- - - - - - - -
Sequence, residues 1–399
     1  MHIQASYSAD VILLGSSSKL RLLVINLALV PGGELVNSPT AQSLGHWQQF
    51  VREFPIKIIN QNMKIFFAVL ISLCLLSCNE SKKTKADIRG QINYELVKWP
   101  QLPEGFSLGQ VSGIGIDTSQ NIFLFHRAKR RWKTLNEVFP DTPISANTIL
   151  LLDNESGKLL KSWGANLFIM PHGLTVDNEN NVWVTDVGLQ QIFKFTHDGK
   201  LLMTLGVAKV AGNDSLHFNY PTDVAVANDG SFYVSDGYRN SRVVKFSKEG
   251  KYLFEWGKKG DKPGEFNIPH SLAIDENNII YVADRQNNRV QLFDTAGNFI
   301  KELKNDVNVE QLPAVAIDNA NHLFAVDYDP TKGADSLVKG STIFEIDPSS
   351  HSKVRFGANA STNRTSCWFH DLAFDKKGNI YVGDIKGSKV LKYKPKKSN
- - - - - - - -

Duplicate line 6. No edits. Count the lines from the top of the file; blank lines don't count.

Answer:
   201  LLMTLGVAKV AGNDSLHFNY PTDVAVANDG SFYVSDGYRN SRVVKFSKEG